The five year warranty Intel offers is typical for a high-end SSD in today's market, but doesn't compare to the 10 year warranty that Samsung's flagship 850 PRO SATA SSD offers. On the other hand, the 10 drive writes per day write endurance rating is far higher than most consumer SSDs get; 0.3 DWPD is more typical.

The Intel Optane SSD 900P starts shipping worldwide today, and here is our review of the 280GB version.

Who is the Optane SSD 900P for?
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  • Lolimaster - Saturday, October 28, 2017 - link

    Optane seems like a Joke not only in endurance, performance, but not power consumption too. Right now it's basically a bot for random 4K, you don't really need that, get the 960EVO/PRO.
  • Lolimaster - Saturday, October 28, 2017 - link

  • AnnonymousCoward - Saturday, October 28, 2017 - link

    Why are you saying get the 960 PRO? It costs double a normal SSD and performs the same in real-world. Please enlighten me.
  • SunnyNW - Saturday, October 28, 2017 - link

    Would system start-up be any faster?
  • Lolimaster - Saturday, October 28, 2017 - link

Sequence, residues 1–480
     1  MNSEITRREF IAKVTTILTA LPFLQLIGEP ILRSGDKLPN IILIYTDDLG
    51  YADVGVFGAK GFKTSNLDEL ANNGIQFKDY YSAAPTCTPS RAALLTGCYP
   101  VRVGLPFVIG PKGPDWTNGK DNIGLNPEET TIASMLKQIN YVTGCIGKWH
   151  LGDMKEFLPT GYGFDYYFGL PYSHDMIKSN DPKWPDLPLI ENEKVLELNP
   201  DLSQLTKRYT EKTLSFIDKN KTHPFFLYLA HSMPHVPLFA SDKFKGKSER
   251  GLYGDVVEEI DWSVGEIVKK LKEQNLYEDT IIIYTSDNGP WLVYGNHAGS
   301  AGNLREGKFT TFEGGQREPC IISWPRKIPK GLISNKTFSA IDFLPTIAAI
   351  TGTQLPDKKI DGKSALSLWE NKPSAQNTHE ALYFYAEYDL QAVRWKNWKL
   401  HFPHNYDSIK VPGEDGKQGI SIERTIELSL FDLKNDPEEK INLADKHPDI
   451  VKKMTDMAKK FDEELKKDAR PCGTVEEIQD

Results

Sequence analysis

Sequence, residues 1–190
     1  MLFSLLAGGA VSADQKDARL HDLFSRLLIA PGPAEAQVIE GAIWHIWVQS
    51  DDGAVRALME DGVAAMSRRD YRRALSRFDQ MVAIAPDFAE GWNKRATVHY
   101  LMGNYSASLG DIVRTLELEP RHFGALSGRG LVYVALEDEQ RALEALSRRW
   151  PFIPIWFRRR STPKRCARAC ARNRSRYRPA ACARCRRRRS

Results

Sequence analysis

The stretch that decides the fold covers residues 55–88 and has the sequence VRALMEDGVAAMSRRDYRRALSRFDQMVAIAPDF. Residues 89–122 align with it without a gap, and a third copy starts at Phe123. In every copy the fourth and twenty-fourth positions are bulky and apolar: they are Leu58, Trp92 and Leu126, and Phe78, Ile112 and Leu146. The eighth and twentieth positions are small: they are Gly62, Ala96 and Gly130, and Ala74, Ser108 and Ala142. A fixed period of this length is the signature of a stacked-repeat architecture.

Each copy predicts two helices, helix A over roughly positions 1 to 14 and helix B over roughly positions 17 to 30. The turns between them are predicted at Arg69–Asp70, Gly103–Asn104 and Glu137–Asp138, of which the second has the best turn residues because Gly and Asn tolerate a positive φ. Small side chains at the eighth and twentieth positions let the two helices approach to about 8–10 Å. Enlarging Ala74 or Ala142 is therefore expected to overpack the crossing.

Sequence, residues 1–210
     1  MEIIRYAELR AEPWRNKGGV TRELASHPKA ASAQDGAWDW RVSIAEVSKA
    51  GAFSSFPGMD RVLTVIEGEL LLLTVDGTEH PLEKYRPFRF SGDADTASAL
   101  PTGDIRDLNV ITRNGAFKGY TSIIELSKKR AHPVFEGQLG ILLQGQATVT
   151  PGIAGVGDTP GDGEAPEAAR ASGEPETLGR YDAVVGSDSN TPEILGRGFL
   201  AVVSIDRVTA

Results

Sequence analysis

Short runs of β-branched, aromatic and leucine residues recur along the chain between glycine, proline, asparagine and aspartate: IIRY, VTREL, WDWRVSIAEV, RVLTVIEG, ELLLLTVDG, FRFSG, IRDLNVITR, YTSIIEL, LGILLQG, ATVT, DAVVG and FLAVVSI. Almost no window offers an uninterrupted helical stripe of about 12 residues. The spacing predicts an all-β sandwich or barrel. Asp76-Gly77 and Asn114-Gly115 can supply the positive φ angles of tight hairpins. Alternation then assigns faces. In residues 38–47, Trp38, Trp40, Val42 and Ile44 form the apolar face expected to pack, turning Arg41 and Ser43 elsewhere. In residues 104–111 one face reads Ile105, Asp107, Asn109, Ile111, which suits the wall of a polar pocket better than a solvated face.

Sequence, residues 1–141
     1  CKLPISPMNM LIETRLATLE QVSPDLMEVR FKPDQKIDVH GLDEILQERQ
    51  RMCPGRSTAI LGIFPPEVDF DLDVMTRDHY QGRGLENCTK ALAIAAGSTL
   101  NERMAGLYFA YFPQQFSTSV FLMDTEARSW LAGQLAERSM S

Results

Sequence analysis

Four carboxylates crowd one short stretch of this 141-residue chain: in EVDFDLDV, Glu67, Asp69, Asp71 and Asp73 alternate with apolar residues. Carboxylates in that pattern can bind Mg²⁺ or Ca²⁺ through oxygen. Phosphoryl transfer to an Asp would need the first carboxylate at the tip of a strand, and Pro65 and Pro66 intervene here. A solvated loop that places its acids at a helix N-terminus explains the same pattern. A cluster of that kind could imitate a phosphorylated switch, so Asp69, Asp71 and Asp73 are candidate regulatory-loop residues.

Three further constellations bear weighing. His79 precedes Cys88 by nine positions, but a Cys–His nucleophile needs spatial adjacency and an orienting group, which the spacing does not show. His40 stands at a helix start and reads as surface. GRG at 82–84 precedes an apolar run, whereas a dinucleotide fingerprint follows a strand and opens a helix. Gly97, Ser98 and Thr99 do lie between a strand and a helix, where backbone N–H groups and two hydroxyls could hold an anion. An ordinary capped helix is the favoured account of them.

Probably yes since it has higher random 4k read and latency. Wanna check the limit, search those old ramdisk booting times. Above that we would need a boot disk of L3 cache memory class, then one made up of L2 cache memory class, edram, etc.
  • Lolimaster - Saturday, October 28, 2017 - link

    Till you reach L1 cache memory class or sram.
  • "Bullwinkle J Moose" - Saturday, October 28, 2017 - link

    That depends....
    How fast is Fast?

    I've seen people bragging on youtube that their new 90+ Watt Quadcore Intel CPU will boot Win 10 to an M.2 EVO drive in 17-20 seconds....

    But my 35 Watt dualcore Sandy bridge will boot Windows 10 Fall Crappers Edition (Sept 2017) to an 850 Pro in 5.35 seconds.....

    or, the same machine will boot Windows XP-SP2 to the same 850 Pro in 3 - 4 seconds (Varies sleightly every boot)

    So, how fast is fast?
  • jabber - Saturday, October 28, 2017 - link

    Good luck to the couple of dozen or so that will be able to make proper use of this and notice a difference over a 850 EVO .
  • Pork@III - Saturday, October 28, 2017 - link

    Do fast? Yes it is fast. Has volume? - Nope.
    I maked install of operation system and come to install FM7 on 128GB SSD and instalator say me: "not enough space". :(
  • nOOky - Saturday, October 28, 2017 - link

    The 280 gig drive is priced similarly to the Samsung 830 Pro 256 gig when it came out if you're thinking the price is outrageous...